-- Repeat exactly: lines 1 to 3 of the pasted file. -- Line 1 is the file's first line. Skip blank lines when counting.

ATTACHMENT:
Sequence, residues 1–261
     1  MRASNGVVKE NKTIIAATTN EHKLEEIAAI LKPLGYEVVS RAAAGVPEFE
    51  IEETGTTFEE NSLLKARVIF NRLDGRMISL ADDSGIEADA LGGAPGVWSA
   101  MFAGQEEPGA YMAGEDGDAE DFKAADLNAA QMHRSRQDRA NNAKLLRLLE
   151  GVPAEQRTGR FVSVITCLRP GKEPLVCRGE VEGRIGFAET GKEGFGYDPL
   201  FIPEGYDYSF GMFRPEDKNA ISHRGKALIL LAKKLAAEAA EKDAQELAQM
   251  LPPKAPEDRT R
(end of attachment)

Sequence, residues 1–261
     1  MRASNGVVKE NKTIIAATTN EHKLEEIAAI LKPLGYEVVS RAAAGVPEFE
    51  IEETGTTFEE NSLLKARVIF NRLDGRMISL ADDSGIEADA LGGAPGVWSA